//Start image one data:
$key = "your_own_farm_pics_0_image";
$value = "1867";
add_post_meta($post_id, $key, $value);

$key = "_your_own_farm_pics_0_image";
$value = "field_57ab934d407ee";
add_post_meta($post_id, $key, $value);

$key = "your_own_farm_pics_0_alt_tag";
$value = "Alt tag content for image 1";
add_post_meta($post_id, $key, $value);

$key = "_your_own_farm_pics_0_alt_tag";
$value = "field_57ab934d407ef";
add_post_meta($post_id, $key, $value);

//Start image two data:
$key = "your_own_farm_pics_1_image";
$value = "1869";
add_post_meta($post_id, $key, $value);

$key = "_your_own_farm_pics_1_image";
$value = "field_57ab934d407ee";
add_post_meta($post_id, $key, $value);

$key = "your_own_farm_pics_1_alt_tag";
$value = "Alt tag content for image 2";
add_post_meta($post_id, $key, $value);

$key = "_your_own_farm_pics_1_alt_tag";
$value = "field_57ab934d407ef";
add_post_meta($post_id, $key, $value);

?>

Of course the above PHP code would go in a custom plugin and wouldn't work as standalone php code, but you should get that if you have any experience with writing WordPress plugins and if you do not, then this topic is far to advanced for you anyway. Try one of my starter tutorials for WordPress plugin developers instead.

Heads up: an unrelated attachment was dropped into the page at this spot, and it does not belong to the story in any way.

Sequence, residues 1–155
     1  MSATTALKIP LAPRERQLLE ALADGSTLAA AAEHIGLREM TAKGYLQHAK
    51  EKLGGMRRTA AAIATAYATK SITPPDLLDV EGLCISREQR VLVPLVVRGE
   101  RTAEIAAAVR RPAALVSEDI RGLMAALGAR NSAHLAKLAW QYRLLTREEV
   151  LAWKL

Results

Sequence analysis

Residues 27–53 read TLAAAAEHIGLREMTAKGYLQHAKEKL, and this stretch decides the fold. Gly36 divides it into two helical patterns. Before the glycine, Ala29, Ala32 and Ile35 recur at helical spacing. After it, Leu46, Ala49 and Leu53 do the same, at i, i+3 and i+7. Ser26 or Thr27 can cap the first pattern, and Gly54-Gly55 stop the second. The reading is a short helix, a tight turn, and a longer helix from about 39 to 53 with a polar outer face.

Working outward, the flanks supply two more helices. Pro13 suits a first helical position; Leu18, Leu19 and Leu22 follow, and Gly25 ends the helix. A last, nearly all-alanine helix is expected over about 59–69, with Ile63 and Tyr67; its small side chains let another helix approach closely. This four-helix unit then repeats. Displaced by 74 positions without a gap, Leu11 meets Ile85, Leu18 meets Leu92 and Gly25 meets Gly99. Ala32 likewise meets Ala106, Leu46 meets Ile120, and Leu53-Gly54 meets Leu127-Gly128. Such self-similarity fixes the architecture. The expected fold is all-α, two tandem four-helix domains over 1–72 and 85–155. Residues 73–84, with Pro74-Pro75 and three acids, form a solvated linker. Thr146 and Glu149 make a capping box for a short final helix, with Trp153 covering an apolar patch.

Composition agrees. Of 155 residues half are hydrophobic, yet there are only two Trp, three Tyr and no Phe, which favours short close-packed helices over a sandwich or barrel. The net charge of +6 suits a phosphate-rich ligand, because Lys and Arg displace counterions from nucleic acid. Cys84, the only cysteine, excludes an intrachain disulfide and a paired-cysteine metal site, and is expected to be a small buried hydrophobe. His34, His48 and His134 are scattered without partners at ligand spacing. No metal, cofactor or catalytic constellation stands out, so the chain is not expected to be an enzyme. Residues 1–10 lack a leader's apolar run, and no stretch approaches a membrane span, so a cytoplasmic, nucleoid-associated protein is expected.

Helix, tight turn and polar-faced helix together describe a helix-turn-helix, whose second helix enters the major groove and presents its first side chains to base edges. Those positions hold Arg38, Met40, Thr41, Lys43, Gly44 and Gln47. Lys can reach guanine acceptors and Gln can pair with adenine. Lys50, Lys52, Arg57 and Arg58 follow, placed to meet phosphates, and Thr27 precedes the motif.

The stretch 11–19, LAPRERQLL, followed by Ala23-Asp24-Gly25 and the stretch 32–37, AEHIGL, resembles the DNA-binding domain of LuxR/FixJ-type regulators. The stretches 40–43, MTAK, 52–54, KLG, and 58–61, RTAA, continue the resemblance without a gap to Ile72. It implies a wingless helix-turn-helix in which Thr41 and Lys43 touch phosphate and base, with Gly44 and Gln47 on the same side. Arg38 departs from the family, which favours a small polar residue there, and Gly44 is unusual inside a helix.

Code explained:

First, you should notice the $postid variable that gets set to the post id you want to update with repeater fields.

Then you see three lines of code setting the $key variable to "your_own_farm_pics" which you will change to the name of your own repeater field name. The value of this needs to be equal to the number of repeaters you want to add. In this case, we are adding 2 images, so we set the value to 2.

Next you see the key of _your_own_farm_pics. This is the field value that is set in the database and is crucial in identifying the repeater field correctly, so be sure to get this right. Do an export of the database and search for the repeater field name to find the value for this if you have to. All you have to do it export the database as  XML and do a text search for the field name and you'll see the value right below it. The code above uses the XML example code posted above in this post.

The next important section of code, where the comment says "//next eight key/value pairs are for the two repeater field sub-field names:", is where you will have eight  sections with 3 lines of code each for the two image repeaters you add.  The important part to notice here is the numbering system used. Notice that the the first four sections of code have a zero in the keys, for example:

$key = "your_own_farm_pics_0_image";

So the value of the $key variable in the above example is made up of three parts:

  1. repeater field name: your_own_farm_pics
  2. incremented number: 0
  3. sub-field name: image